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Facebook Launches AMBER Alert System in Canada on International Day of Missing Children

A new distribution system that will send comprehensive and targeted alerts to the Facebook community

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A new distribution system that will send comprehensive and targeted alerts to the Facebook community

OTTAWA, May 25, 2015 / CNW / - Facebook Canada today announced a unique new AMBER alert distribution system, in collaboration with law enforcement authorities in various Canadian provinces, which will send alerts to the Facebook community during the first critical hours after a child has gone missing.

Using the reach and breadth of Facebook, AMBER Alerts will offer comprehensive information including a photo and all the details available about the missing child on the Facebook mobile News Feed. The alert will only appear in the news feed of people living in the identified search area who will then be in a position to help. Most importantly, the Facebook community will be able to share the alert easily and instantly to their friends and family.

“We know that when a child is missing, the most important thing we can do is make the information public as quickly as possible,” said Jordan Banks, Global Head of Vertical Strategy and Managing Director, Facebook Canada. “By sharing the right information with the right people at the right time on Facebook using targeted AMBER alerts, we hope to reunite missing children with their families even faster. "

How does it work?

When a law enforcement organization confirms that a case qualifies for an AMBER Alert, it is issued by that province's AMBER Alert Coordinator, sent directly to Facebook and then distributed with all available information, including a photo of the missing child, the name and description of the child, the suspected suspect and a license plate number.

Authorities determine the scope of the target area for each alert before Facebook shares it in the People's News Feed. The number of alerts people see will depend on the number of alerts in effect in their area; however, it should be noted that AMBER alerts are generally very rare. If people receive an alert, they will know they are in a position to help.

For several years, people have used Facebook to post articles to share information about missing children. In several cases, a person saw a post or photo in their News Feed, took action, and a child was safely returned to their family.

Bébé Victoria, Simon Boisclair, Mélissa McMahon, Jordan Banks, chef de la stratégie verticale et directeur général, Facebook Canada, Celine Ethier, l'honorable Steven Blaney, ministre de la Sécurité publique et de la Protection civile du Canada. (Groupe CNW/Facebook® Canada)
Baby Victoria, Simon Boisclair, Mélissa McMahon, Jordan Banks, Head of Vertical Strategy and Executive Director, Facebook Canada, Celine Ethier, the Honorable Steven Blaney, Minister of Public Safety and Emergency Preparedness Canada. (CNW Group / Facebook® Canada)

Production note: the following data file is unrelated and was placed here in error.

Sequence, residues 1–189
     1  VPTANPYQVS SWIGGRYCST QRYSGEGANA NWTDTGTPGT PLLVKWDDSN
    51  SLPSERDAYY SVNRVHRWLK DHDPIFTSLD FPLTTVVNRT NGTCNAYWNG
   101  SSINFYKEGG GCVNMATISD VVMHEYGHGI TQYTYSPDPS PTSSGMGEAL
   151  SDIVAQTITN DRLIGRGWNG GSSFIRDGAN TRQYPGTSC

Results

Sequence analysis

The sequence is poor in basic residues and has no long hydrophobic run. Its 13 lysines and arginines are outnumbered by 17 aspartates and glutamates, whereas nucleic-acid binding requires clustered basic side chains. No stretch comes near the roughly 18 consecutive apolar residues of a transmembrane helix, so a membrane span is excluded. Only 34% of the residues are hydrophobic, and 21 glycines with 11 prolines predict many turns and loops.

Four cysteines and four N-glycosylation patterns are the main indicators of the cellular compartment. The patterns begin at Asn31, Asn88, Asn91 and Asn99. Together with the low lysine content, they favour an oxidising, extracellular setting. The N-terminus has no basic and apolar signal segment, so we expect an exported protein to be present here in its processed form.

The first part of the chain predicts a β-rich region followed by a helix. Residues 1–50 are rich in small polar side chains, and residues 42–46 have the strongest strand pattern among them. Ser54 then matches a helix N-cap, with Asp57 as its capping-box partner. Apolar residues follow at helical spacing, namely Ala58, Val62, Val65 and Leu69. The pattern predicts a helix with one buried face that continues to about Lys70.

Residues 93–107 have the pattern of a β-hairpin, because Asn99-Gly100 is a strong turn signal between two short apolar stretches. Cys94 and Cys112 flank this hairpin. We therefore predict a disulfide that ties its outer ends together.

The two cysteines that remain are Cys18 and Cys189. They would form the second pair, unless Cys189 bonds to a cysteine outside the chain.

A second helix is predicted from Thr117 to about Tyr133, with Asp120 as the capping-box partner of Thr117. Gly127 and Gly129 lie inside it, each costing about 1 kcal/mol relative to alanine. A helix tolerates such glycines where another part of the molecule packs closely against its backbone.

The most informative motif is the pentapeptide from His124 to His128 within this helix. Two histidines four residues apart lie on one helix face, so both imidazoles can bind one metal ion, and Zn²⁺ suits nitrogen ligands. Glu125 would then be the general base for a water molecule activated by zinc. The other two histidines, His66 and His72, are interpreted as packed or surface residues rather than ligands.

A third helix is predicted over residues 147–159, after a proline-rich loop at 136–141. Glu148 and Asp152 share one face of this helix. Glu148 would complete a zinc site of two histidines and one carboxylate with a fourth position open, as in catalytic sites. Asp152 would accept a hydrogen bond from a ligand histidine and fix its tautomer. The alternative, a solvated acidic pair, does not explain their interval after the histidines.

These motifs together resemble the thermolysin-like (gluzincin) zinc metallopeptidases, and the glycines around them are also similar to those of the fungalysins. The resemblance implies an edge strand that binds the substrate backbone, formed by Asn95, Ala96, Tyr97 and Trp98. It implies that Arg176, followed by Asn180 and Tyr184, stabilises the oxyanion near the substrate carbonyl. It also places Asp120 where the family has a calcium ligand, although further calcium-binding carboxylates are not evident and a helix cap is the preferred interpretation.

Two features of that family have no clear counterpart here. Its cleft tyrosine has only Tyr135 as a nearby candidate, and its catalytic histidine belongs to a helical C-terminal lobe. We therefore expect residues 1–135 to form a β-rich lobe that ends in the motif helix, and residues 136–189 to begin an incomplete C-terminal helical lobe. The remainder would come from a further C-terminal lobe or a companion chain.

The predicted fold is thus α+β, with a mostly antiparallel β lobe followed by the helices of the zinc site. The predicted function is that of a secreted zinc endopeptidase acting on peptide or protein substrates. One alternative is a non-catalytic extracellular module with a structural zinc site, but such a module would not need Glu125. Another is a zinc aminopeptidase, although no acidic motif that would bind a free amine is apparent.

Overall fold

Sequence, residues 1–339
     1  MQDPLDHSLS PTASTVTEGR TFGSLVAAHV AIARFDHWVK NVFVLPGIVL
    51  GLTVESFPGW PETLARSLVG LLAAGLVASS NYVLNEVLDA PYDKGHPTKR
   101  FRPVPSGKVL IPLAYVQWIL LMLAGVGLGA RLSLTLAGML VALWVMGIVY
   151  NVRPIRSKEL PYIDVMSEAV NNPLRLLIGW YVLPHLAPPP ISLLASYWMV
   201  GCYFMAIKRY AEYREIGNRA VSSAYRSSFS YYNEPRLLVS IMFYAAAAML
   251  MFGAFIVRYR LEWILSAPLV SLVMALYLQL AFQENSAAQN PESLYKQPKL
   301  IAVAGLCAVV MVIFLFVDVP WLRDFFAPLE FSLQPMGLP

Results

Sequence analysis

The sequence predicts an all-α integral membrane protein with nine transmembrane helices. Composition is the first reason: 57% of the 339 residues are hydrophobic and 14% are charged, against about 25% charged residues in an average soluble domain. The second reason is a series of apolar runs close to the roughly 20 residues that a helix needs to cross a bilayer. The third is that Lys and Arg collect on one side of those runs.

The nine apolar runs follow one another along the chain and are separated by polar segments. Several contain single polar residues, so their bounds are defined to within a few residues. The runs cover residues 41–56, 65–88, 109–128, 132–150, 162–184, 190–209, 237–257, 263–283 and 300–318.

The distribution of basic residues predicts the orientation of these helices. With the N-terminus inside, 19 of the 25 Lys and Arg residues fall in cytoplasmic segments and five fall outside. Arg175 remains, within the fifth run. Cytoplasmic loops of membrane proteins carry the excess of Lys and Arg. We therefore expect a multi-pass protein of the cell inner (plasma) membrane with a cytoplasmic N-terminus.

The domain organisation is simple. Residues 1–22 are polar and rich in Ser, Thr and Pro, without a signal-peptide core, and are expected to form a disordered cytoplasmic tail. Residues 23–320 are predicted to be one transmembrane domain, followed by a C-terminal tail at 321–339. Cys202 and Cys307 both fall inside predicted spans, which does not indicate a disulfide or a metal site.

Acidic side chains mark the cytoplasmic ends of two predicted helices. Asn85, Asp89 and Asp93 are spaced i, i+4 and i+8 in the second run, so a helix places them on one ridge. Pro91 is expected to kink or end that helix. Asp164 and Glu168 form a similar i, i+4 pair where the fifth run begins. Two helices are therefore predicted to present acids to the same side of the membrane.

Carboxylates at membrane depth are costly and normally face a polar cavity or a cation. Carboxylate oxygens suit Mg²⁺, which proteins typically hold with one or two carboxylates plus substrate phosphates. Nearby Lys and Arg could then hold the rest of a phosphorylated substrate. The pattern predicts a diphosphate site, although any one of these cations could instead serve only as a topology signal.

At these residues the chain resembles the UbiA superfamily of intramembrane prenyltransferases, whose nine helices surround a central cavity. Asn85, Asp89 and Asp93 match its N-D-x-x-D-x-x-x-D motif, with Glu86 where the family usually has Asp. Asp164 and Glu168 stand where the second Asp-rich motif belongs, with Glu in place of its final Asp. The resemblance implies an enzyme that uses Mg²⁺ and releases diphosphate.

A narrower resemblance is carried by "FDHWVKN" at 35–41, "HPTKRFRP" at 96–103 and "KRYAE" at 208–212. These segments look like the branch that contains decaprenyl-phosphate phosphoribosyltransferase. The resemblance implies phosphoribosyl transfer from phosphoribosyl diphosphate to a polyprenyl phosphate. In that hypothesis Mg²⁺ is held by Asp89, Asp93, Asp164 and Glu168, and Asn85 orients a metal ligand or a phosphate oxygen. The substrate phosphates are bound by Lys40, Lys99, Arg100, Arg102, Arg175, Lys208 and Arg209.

In 2014, little Victoria, a newborn, was brought back to her parents after being abducted from a hospital in Trois-Rivières, Quebec. Four young people saw the suspect's photo in their News Feed and reported it, resulting in an incredible ending. The AMBER Alert System is inspired by this type of word-of-mouth effort.

Facebook launched the AMBER Alert in the United States on January 13, 2015. Since that time, there has been at least one documented case of an abducted child that has been found thanks to an AMBER Alert on Facebook. Now, with the system also in place in Canada, our desire is to reunite even more missing children with their families.

AMBER alerts are very effective. According to the RCMP, between 2003 and 2012, 96% of children who were the subject of an AMBER alert were returned unharmed to their families. *

 

* SOURCE - CBC News: http://www.cbc.ca/news/canada/amber-alerts-when-they-re-used-and-how-they-work-1.816392

SOURCE Facebook® Canada

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About the Author

Audrey Miller
Audrey Millerhttps://ecolebranchee.com
General manager of École branchée, Audrey holds a graduate degree in educational technologies and a bachelor's degree in public communication. Member of the Order of Excellence in Education of Quebec, she is particularly interested in the professional development of teachers, information in the digital age and media education, while actively creating bridges between the actors of the educational ecosystem since 1999. She is involved these days in particular in Edteq Association and as a member of the ACELF Communications Committee. When she has free time, she is passionate about her children, his rabbits, horses, good wine and... Web programming!

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